Supply voted and War declared against Denmark
Reminiscences of the Fire
The Dutch attempt Burntisland
The Dutch burn Sheerness and sail up the Thames.
Denham's satire on the Dutch victory
Peace concluded at Breda.
End of the First Dutch War
The disgrace of Clarendon
|CHAPTER V: FROM THE FALL OF CLARENDON TO THE BREAK-UP OF THE CABAL|
Characters of important personages at the court of Charles II. The King.
The Duke of York
The Duke of York's love for the Irish (Papists)
The Duke of Ormond
Buckingham and St. Albans
The King's fondness of his natural children, his dislike for the Queen
Anthony Ashley Cooper, Earl of Shaftesbury
Further particulars of Clarendon's disgrace. Character of Buckingham
1668 -Attempts to get rid of the Queen
Dissoluteness of the court
The King's Mistresses
1669 -The Sheldonian Theatre at Oxford opened.
Deaths of the Duke and Duchess of Albemarle
1670 -The King's sister, the Princess Henrietta of Orleans, is sent over by Louis XIV. to persuade Charles to a second war with the Dutch, and other matters of importance
1670 -Louise de Querouaille, Duchess of Portsmouth
Immediate results of the Princess Henrietta's visit
Death of the Princess Henrietta
Death of the Duchess of York
Colonel Blood after attempting to steal the Crown jewels is pardoned
The Duchess of Portsmouth
The Duchess of Portsmouth
A public fast had been proclaimed for the War four days before
Battle of Southwold Bay and Death of Lord Sandwich
Shaftesbury takes the Great Seal as head of the Cabal
1672 - -The Cabal in existence. Opinion of the French Court concerning the members of the Cabal.
The King closes the Exchequer. National Bankruptcy
How the Parliament was constituted
A Resume of Religious Affairs from the Restoration to the year 1672. Charles burns the League and Covenant to which he subscribed during his exile
Act of Uniformity. Lauderdale in Scotland. The First Indulgence
Burnet on the Declaration of Indulgence. Clarendon and Bristol
Lauderdale and Middleton
Middleton returns to London
The Conventicle Act
Public Opinion on the Conventicle Act
The Five Mile Act
1672 The Second Declaration of Indulgence brought about by Lauderdale at the instance of the French Court: its Consequences. Concerning the Second Declaration of Indulgence granted by King Charles II. in the beginning of the year 1672
Its effect upon Parliament. Address of both Houses against the growth of Popery
The King's Answer to the Address
The King cancels the Declaration of Indulgence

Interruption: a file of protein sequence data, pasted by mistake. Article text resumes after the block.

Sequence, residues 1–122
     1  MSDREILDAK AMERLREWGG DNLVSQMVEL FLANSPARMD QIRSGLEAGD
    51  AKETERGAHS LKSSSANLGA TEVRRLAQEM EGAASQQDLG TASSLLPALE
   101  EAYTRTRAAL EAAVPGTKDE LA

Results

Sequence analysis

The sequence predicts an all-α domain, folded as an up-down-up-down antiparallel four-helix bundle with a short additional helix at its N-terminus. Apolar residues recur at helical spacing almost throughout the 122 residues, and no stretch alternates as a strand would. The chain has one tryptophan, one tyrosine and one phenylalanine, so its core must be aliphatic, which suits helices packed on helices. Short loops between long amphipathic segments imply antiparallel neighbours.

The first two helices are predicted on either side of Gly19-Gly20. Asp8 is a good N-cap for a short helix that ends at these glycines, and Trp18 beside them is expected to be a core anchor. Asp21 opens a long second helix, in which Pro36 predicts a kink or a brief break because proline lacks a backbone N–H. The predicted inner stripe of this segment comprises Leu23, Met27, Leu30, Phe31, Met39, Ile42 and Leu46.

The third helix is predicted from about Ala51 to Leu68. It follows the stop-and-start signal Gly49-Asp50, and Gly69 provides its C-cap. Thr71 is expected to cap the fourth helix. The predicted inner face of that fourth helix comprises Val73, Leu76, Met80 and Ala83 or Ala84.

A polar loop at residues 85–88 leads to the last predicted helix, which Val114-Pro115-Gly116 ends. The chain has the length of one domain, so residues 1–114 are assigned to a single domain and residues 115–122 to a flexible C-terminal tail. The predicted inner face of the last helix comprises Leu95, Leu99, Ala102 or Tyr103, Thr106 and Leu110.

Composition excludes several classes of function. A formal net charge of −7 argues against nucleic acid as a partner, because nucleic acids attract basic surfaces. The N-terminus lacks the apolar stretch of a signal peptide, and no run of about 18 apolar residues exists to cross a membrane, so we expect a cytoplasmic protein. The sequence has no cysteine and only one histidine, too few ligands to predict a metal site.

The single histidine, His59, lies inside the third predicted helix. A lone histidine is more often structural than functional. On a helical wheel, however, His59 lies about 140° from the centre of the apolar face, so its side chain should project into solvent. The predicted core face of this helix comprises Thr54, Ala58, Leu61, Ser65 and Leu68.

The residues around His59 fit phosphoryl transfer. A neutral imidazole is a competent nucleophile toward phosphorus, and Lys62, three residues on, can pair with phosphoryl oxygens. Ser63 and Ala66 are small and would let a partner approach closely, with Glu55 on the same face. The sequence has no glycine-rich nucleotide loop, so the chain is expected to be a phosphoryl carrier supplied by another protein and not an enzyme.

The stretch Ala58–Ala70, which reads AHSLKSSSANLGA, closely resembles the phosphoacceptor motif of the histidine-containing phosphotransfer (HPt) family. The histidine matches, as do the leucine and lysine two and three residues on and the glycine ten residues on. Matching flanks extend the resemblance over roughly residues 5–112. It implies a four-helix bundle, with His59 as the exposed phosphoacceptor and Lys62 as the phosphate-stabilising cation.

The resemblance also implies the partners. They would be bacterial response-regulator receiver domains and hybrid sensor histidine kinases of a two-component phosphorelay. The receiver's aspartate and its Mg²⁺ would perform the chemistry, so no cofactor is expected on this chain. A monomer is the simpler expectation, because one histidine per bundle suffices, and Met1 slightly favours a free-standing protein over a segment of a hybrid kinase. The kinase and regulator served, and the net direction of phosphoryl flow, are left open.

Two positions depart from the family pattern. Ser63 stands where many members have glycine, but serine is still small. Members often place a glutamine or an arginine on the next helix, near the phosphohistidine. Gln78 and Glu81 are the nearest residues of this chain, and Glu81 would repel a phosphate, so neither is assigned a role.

The Test Act read a third time
Recapture of St. Helena
The Cabal broken up, Shaftesbury out of office joins the Opposition
Butler's Satire upon Shaftesbury
Second Marriage of the Duke of York
Buckingham in disgrace, reasons for it
Other and stronger reasons
|CHAPTER VI: FROM THE END OF THE SECOND DUTCH WAR TO THE TREATY OF NIMEGUEN|
Peace with the Dutch, 1674
Charles receives the Freedom of the City
1674 -The Duke of York enters the pay of France
Parity of the two parties in Parliament; the king is refused the supply which he demands, but obtains £300,000 for the navy; inferiority of the English navy
1675-The forerunner of the Popish Plot. The affair of Luzance
Louise Ren¡e de Penencoët de Kéroualle versus Nell Gwynne
Preliminaries of the Treaty of Nimeguen
1676-The Second Secret Treaty with France.
Heneage Finch made Lord Chancellor
Public opinion having compelled the King to assent to an alliance with the Dutch, and a war with France, Charles endeavours to extract £600,000from the Commons on that excuse; after an adjournment the Commons proceed to discuss the matter in private sittings. Public distrust of the King
Marriage of the Prince of Orange
The Parliament thank the King for the Alliance with Holland
Memorial to King Charles I
Assistance voted for the war
Parliament becomes suspicious of the king
1678 -Meeting of Parliament. Charles informs the Commons of his intentions concerning the Treaty of Nimeguen
Vote for the Disbandment of the Army
Rumours of a Rupture in the Negotiations at Nimeguen
The Treaty concluded The French King's pseudo concessions. Extracts from the Treaty of Nimeguen: the chief articles VII. and VIII.